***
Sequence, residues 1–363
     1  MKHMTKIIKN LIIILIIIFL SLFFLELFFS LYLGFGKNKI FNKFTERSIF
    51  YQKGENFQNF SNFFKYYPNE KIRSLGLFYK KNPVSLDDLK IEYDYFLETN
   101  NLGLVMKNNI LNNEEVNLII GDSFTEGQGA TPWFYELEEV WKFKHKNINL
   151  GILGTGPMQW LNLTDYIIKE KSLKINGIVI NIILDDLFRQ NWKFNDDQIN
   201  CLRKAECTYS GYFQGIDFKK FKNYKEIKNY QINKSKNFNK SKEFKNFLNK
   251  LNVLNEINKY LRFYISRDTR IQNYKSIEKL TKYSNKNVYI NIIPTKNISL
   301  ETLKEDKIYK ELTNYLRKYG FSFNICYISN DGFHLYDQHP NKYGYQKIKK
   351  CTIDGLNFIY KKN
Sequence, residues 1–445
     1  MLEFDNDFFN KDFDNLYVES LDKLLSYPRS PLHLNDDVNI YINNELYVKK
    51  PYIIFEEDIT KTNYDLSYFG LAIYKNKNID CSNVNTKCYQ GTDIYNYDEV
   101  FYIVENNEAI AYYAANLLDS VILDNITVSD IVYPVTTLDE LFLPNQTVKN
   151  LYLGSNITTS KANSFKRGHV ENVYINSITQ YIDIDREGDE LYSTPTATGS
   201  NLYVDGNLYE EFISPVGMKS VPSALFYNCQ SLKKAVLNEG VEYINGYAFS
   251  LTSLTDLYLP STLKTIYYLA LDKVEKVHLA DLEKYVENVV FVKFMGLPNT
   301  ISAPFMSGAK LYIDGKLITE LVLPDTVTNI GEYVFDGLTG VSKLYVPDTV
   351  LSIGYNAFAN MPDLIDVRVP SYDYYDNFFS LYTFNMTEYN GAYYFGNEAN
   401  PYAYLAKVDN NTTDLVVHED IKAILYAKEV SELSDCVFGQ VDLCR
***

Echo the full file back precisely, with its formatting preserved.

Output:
Sequence, residues 1–363
     1  MKHMTKIIKN LIIILIIIFL SLFFLELFFS LYLGFGKNKI FNKFTERSIF
    51  YQKGENFQNF SNFFKYYPNE KIRSLGLFYK KNPVSLDDLK IEYDYFLETN
   101  NLGLVMKNNI LNNEEVNLII GDSFTEGQGA TPWFYELEEV WKFKHKNINL
   151  GILGTGPMQW LNLTDYIIKE KSLKINGIVI NIILDDLFRQ NWKFNDDQIN
   201  CLRKAECTYS GYFQGIDFKK FKNYKEIKNY QINKSKNFNK SKEFKNFLNK
   251  LNVLNEINKY LRFYISRDTR IQNYKSIEKL TKYSNKNVYI NIIPTKNISL
   301  ETLKEDKIYK ELTNYLRKYG FSFNICYISN DGFHLYDQHP NKYGYQKIKK
   351  CTIDGLNFIY KKN
Sequence, residues 1–445
     1  MLEFDNDFFN KDFDNLYVES LDKLLSYPRS PLHLNDDVNI YINNELYVKK
    51  PYIIFEEDIT KTNYDLSYFG LAIYKNKNID CSNVNTKCYQ GTDIYNYDEV
   101  FYIVENNEAI AYYAANLLDS VILDNITVSD IVYPVTTLDE LFLPNQTVKN
   151  LYLGSNITTS KANSFKRGHV ENVYINSITQ YIDIDREGDE LYSTPTATGS
   201  NLYVDGNLYE EFISPVGMKS VPSALFYNCQ SLKKAVLNEG VEYINGYAFS
   251  LTSLTDLYLP STLKTIYYLA LDKVEKVHLA DLEKYVENVV FVKFMGLPNT
   301  ISAPFMSGAK LYIDGKLITE LVLPDTVTNI GEYVFDGLTG VSKLYVPDTV
   351  LSIGYNAFAN MPDLIDVRVP SYDYYDNFFS LYTFNMTEYN GAYYFGNEAN
   401  PYAYLAKVDN NTTDLVVHED IKAILYAKEV SELSDCVFGQ VDLCR